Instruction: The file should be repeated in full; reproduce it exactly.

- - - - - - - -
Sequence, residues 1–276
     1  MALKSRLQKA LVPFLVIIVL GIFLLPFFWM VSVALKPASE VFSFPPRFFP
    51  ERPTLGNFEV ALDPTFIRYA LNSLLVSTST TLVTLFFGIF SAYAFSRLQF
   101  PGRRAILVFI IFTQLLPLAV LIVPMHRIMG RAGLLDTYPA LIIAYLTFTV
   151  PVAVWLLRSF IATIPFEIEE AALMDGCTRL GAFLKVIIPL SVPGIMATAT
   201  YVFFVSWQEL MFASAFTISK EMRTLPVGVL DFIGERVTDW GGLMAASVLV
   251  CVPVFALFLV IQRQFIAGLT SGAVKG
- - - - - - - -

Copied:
Sequence, residues 1–276
     1  MALKSRLQKA LVPFLVIIVL GIFLLPFFWM VSVALKPASE VFSFPPRFFP
    51  ERPTLGNFEV ALDPTFIRYA LNSLLVSTST TLVTLFFGIF SAYAFSRLQF
   101  PGRRAILVFI IFTQLLPLAV LIVPMHRIMG RAGLLDTYPA LIIAYLTFTV
   151  PVAVWLLRSF IATIPFEIEE AALMDGCTRL GAFLKVIIPL SVPGIMATAT
   201  YVFFVSWQEL MFASAFTISK EMRTLPVGVL DFIGERVTDW GGLMAASVLV
   251  CVPVFALFLV IQRQFIAGLT SGAVKG